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Cancer Immunol Immunother. 2012 Mar;61(3):303-12. doi: 10.1007/s00262-011-1098-z. Epub 2011 Aug 30.

SCF and TLR4 ligand cooperate to augment the tumor-promoting potential of mast cells.

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1
Department of Biochemistry and Molecular Biology, Tongji Medical College, Huazhong University of Science and Technology, Wuhan, 430030, People's Republic of China.

Abstract

Mast cells may have either antitumor or tumor-promoting potential. Nevertheless, mast cells in tumor microenvironment have been found to promote tumor growth. So far the mechanisms underlying the modulation of mast cell function in tumor microenvironment remains to be fully elucidated. Here, we report that tumor-promoting potential of mast cells could be augmented by molecules released from damaged tumor cells through cooperative stimulation of stem cell factor (SCF) and ligand for Toll-like receptor 4 (TLR4). Co-simulation with SCF and TLR4 ligand inhibited mast cell degranulation, but efficiently induced the production and secretion of VEGF, PDGF, and IL-10. Although TLR4 ligand alone may induce IL-12 expression in mast cells, co-stimulation with SCF and TLR4 ligand induced the expression of IL-10, but not IL-12, in mast cells. The phosphorylation of GSK3β was crucial for the effect of SCF and TLR4 ligand. In addition to inducing phosphorylation of GSK3β at Ser9 through PI3K pathway, SCF and TLR4 ligand cooperated to induce phosphorylation of GSK3β at Tyr216 by simultaneous activation of ERK and p38MAPK pathways. Both phospho-Ser9 and phospho-Tyr216 of GSK3β were required for IL-10 expression induced by SCF/TLR4 ligand, whereas suppressive effect of SCF/TLR4 ligand on mast cell degranulation was related to phospho-Tyr216. Importantly, the effect of SCF and TLR4 ligand on mast cells could be abrogated by inhibiting phosphorylation of GSK3β at Tyr216. These findings disclose the mechanisms underlying the modulation of mast cell function in tumor microenvironment, and suggest that inhibiting GSK3β in mast cells will be beneficial to the treatment of cancer.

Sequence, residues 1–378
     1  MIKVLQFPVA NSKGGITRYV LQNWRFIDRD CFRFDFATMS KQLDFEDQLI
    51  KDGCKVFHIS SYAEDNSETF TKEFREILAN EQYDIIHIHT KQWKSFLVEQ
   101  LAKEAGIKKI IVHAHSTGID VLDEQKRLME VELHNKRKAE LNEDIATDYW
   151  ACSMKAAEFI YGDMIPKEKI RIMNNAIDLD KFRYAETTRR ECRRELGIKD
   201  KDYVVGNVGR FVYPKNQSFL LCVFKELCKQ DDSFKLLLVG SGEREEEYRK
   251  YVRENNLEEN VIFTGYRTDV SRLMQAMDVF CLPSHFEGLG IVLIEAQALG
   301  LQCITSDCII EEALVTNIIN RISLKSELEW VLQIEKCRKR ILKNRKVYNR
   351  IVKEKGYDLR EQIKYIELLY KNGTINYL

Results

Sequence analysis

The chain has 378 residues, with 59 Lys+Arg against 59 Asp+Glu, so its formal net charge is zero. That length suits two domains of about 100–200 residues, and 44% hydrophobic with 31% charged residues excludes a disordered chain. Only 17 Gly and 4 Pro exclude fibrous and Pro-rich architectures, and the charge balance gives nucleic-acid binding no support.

PMID:
21877248
DOI:
10.1007/s00262-011-1098-z
[Indexed for MEDLINE]
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